A new screen printing studio at Gunbalanya is behind a new couture collection that was showcased recently at Melbourne Fashion Week.
The modern studio at Injalak Arts enables the organisation to capitalise on the growing national and international interest in Indigenous textiles.
Featuring two new 14-metre printing tables, the studio now has more space and increased capacity to produce artisan fabrics.
It is one of a small number of hand-printed textile operations across Australia providing a bespoke alternative to mechanised bulk printing.
Injalak artists collaborated with designer Ally Beahan on the one-off collection that was revealed at Melbourne Fashion Week as part of the Ganbu Marra runway.
The First Nations runway event also featured textile designs and fashion collections from Gapuwiyak Culture and Arts with Aly de Groot and Yarrenyty Arltere Artists from Alice Springs.
Upgrades to Injalak Arts were co-funded by the Northern Territory and Australian governments, with the NT contribution funded through its $30 million Arts Trail Gallery Extension Program.
Quotes attributable to Minister for Arts, Culture and Heritage Chansey Paech:
“The upgrades to Injalak Arts represent a significant funding investment and partnership to ensure the wonderful screen printing work in Gunbulanya can expand to suit market demands.
“The Territory has a rich history of creating fine art and hand screen printed textiles featuring Aboriginal designs in remote Aboriginal owned art centres, and the Territory Labor Government is really very proud to support infrastructure upgrades to meet the growing demand for Aboriginal art and cultural experiences.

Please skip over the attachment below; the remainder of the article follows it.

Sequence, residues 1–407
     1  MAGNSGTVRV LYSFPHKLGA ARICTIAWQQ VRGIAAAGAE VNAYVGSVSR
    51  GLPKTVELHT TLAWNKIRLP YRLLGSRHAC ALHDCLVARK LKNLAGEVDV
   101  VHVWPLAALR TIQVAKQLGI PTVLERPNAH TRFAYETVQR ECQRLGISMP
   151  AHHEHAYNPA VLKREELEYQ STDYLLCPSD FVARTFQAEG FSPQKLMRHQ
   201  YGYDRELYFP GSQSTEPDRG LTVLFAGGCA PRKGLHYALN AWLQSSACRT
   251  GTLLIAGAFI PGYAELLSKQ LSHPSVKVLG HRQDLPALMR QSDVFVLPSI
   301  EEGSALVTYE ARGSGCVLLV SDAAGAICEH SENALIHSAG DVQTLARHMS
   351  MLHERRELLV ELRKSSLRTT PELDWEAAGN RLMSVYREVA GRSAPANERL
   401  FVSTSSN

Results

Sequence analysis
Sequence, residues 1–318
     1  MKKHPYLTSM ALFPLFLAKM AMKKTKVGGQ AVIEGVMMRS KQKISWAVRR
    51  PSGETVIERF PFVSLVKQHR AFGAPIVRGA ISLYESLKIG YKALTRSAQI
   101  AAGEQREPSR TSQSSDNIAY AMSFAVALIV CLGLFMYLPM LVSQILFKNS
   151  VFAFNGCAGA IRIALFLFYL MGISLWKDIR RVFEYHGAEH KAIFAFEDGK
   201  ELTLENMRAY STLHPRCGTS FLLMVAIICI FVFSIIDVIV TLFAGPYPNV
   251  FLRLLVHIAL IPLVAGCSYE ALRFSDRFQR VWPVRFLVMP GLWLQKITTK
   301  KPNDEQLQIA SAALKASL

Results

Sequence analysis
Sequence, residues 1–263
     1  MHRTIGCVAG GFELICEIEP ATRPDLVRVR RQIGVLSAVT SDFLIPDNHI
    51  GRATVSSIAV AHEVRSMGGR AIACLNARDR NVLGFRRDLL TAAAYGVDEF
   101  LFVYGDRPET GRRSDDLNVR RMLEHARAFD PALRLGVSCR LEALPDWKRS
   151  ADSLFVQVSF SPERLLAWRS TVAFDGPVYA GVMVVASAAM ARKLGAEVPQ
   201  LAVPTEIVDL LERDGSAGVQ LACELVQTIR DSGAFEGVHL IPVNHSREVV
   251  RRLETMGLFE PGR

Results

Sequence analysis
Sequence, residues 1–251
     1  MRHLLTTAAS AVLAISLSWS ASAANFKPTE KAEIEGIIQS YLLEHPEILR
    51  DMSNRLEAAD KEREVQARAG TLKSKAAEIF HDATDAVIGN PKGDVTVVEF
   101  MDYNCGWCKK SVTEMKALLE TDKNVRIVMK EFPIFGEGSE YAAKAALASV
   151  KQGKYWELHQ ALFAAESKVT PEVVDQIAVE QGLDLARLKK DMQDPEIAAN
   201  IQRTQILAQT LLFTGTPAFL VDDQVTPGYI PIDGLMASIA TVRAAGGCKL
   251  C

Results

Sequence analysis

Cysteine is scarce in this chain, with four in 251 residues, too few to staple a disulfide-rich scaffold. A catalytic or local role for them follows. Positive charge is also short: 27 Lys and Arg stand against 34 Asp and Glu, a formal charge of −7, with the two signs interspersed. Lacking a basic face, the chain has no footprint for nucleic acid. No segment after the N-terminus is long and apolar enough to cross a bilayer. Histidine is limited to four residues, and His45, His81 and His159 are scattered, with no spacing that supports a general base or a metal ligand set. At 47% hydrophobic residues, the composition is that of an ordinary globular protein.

“I have no doubt the work of Injalak on show at Melbourne Fashion Week has already turned many heads, and will inspire visitors to come to the Territory to experience firsthand the dynamic production of Aboriginal hand screen printed textiles.”
Quotes attributable to Member for Arafura Lawrence Costa:
“Arafura is home to many great artists and the fabrics that can now be produced at the revamped Injalak Arts studio add to the creative pool of works.
“It was wonderful to see the range from Gunbalanya showcased at Melbourne Fashion Week and I know that Injalak’s success will inspire more artists from across the Territory.”
Quotes attributable to Injalak Arts Manager Michael Stitfold:
“The Indigenous textiles market is really gaining traction and we are expecting to see an increase in demand that these upgrades will allow us to meet.
“Being able to display at Melbourne Fashion Week is a great way to stimulate demand in our work and get our two new tables really firing with quality lengths of hand printed textiles.
“There is a real appreciation for hand printed fabrics from the source and buyers are really looking for unique products that show a social conscience.”
CAPTION: Velda Nabulwad models a dress made from Injalak fabric printed in Gunbalanya. Photo courtesy Nina Haigh, Injalak Arts.